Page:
S&P 500 narrowly avoids bear market as it posts seven straight weeks of declines

The S&P 500 managed to climb 0.01% at Friday’s close, about 18% less than its January 3 high, after falling 2.3% earlier in the day.

The move follows seven consecutive weekly losses for the index and follows months of precipitous market declines. The S&P 500 has long been considered the most accurate measure of the country’s stock performance.

In the three years prior to this near-bear market, the index rose 90%.

The index’s decline highlights an increasingly bleak economic outlook for investors, fueled by slowing economic and earnings growth, rising inflation and subsequent monetary tightening by the Federal Reserve.

These conditions will likely continue until there is enough economic data to prove inflation is slowing, said Liz Young, head of investment strategy at SoFi. “I don’t think we’re at the height of panic yet,” she said. “It may not be enough to cross bear territory.”

Young sees a slow burn ahead of him. “I think maybe we should stay [in a bear market] for a short time. I don’t know if we’ll bounce back very quickly.”

Friday’s brief flirtation with a bear market also bodes ill for the economy as a whole. Only one bear market in the last 50 years, the stock market crash of 1987, was not accompanied by a recession.

“For the majority of the bull market since the March 2020 low, investors have had reason to buy the lows; and given that this downturn feels more ‘natural’ and prolonged, there is an increased degree of fear and not knowing where to hide,” Charles Schwab analyst Kevin Gordon wrote in a note. “I don’t think this malaise will leave us anytime soon, especially given that monetary and fiscal policy is no longer behind investors’ backs.”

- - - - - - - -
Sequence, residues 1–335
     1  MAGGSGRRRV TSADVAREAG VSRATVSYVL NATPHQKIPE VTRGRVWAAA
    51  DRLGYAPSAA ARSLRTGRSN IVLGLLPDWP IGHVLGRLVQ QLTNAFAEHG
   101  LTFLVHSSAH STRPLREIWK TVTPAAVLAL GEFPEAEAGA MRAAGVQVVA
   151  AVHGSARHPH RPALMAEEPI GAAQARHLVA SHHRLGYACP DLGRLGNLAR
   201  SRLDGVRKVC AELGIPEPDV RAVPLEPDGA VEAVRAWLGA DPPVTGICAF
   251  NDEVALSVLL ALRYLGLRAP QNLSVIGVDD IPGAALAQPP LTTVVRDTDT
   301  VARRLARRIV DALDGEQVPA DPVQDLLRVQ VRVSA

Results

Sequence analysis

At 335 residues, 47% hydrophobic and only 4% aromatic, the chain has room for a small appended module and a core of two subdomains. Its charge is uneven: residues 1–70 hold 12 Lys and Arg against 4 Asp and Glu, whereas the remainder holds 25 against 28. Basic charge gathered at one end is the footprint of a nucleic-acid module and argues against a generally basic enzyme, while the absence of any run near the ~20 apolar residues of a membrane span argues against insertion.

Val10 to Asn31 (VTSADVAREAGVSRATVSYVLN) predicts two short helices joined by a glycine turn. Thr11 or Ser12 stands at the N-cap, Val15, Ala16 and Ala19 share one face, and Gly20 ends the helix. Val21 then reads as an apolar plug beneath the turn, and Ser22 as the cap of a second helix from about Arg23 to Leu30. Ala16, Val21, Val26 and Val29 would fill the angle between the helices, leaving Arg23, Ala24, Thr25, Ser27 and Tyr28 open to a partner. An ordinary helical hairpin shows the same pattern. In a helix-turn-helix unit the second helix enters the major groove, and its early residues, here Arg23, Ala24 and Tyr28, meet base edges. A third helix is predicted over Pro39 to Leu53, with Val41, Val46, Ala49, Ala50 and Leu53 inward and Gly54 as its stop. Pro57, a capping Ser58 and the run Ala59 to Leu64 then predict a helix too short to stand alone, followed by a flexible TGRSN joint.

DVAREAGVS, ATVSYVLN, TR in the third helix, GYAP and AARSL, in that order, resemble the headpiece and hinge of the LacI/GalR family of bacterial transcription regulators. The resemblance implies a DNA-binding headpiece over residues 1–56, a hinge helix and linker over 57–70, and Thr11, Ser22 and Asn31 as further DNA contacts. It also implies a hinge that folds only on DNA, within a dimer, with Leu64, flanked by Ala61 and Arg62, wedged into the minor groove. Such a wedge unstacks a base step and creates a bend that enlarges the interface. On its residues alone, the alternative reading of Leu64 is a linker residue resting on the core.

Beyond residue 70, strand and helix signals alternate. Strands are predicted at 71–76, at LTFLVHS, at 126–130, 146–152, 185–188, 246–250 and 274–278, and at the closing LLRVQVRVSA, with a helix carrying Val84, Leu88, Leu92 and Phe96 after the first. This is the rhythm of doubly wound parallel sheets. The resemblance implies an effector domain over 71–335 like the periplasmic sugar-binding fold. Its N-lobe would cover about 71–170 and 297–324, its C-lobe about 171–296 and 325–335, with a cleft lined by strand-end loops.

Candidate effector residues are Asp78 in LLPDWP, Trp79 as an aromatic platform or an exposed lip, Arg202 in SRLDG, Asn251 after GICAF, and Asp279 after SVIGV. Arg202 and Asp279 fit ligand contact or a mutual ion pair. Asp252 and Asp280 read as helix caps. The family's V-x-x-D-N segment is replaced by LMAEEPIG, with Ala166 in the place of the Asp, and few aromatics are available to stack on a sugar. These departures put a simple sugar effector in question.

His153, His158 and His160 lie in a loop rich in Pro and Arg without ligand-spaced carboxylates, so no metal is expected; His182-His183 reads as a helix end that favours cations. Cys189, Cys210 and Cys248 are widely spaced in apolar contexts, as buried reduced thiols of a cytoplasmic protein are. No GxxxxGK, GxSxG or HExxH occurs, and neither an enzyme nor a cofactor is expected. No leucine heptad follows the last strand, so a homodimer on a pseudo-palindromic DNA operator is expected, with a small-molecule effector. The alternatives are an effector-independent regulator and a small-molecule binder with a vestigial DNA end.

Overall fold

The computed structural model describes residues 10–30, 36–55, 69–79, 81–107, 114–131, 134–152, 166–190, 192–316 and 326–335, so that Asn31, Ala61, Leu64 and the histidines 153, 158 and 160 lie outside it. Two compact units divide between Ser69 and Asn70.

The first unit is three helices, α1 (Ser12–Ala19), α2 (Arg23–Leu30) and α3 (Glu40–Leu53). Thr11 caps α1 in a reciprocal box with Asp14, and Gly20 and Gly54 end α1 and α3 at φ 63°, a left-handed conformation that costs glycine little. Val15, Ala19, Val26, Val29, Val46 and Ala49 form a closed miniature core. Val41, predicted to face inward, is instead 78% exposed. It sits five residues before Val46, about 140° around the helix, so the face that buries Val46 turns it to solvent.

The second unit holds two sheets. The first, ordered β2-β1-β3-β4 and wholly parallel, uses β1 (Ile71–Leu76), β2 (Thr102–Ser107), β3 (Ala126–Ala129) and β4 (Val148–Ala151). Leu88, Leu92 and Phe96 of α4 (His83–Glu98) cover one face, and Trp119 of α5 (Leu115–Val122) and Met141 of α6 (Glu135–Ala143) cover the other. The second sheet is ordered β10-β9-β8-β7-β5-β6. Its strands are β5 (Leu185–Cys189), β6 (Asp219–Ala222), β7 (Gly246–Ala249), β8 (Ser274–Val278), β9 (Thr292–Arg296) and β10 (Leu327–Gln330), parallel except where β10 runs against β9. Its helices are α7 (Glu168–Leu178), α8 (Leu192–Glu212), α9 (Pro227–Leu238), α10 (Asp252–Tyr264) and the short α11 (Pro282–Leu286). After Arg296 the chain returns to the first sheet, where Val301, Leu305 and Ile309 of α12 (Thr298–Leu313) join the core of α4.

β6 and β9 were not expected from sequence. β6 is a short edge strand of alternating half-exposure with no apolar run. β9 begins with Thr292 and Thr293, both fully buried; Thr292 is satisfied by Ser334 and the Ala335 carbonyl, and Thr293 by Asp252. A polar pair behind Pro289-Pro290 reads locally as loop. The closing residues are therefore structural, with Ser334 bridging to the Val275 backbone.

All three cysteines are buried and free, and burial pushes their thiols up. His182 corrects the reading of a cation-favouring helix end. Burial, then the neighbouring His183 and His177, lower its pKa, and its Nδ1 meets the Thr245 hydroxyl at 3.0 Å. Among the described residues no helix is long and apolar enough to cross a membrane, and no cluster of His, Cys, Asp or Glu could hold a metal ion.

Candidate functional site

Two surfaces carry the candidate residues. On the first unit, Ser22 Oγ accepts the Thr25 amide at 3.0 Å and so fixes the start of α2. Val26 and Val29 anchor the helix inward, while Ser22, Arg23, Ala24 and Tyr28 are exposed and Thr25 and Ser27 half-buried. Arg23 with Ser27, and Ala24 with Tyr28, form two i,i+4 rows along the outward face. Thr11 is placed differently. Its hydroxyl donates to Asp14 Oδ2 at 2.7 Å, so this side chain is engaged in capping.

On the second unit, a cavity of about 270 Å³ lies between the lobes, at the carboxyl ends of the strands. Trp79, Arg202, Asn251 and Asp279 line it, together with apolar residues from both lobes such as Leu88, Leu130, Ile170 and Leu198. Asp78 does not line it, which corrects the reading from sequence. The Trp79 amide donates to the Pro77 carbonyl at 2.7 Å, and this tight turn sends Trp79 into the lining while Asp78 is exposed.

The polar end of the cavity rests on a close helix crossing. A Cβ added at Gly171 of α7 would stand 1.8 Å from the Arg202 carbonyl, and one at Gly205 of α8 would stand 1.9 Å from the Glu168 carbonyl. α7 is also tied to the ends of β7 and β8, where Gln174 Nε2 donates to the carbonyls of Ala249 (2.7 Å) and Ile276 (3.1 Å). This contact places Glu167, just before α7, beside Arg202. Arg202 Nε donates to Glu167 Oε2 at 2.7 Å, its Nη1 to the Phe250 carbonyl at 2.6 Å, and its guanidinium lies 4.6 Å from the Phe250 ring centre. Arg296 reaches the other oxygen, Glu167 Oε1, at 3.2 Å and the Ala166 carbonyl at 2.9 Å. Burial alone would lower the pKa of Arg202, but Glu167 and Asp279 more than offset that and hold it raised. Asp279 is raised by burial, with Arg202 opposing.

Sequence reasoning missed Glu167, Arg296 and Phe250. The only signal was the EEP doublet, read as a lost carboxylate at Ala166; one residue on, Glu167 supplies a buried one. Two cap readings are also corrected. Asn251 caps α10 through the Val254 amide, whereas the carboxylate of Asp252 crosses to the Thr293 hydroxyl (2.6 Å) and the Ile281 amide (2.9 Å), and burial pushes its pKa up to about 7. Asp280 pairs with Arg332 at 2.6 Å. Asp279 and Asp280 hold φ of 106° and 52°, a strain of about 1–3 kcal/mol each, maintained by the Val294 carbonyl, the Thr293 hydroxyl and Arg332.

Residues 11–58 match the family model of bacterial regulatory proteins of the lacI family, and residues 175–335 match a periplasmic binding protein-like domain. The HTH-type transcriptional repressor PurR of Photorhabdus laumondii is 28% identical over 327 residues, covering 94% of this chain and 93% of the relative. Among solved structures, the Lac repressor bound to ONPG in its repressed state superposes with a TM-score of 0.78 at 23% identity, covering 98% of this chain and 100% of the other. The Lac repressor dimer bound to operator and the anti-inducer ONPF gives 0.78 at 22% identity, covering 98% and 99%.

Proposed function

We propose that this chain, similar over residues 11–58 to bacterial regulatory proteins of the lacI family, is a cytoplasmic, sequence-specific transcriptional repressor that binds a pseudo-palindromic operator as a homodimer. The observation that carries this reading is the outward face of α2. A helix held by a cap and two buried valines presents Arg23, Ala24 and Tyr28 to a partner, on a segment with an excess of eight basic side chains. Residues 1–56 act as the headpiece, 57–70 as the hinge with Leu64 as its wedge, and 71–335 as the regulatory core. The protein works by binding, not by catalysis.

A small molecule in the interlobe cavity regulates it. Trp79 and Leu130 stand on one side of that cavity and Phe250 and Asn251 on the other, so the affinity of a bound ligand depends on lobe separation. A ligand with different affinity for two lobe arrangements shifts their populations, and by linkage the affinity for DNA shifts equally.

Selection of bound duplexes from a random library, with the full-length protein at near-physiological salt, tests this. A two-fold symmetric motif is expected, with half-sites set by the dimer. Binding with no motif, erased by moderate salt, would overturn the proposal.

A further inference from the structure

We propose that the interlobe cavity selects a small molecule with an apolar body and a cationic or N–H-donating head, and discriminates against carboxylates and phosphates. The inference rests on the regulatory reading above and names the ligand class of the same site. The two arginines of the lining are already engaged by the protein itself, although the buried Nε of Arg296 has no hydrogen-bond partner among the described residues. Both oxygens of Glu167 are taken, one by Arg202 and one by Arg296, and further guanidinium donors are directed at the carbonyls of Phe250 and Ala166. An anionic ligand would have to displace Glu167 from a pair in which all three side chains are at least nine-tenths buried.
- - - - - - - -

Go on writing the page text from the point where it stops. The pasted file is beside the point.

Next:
There’s a saying among market analysts that the Fed tends to tighten policy until something breaks, and many analysts believe this downturn will continue until the Fed ends its streak. ongoing interest rate hikes.

“With Federal Reserve policy still poised to pick up the pace of tightening, balance sheet shrinking entering the mix and inflation proving somewhat stubborn, investors are turning their eyes to the potential for a fear growth or even outright recession,” Lisa Shalett, chief investment officer at Morgan Stanley Wealth Management, wrote in a note Monday.

Morgan Stanley predicts a 27% probability of a recession over the next 12 months, a probability that jumped just 5% in March.

Federal Reserve Chairman Jerome Powell does not foresee a market cataclysm once the bear market officially begins. “Volatility has increased a bit, which is having an effect on liquidity in some markets,” he said in an interview with The Wall Street Journal on Tuesday. “Nevertheless, the markets are orderly, they work.”

There have been 17 bear (or near-bear) markets in the S&P 500 since World War II with an average decline of nearly 30% and lasting about a year, according to analysis by LPL Research.

According to preliminary data, the S&P 500 gained 0.01% for the day on Friday and lost 3% for the week. The Nasdaq Composite lost 0.3% for the day and 3.8% for the week, posting its seventh consecutive week of losses. The Dow Jones Industrial Average closed flat but fell 2.9% for the week, marking its first 8-week losing streak since 1923.

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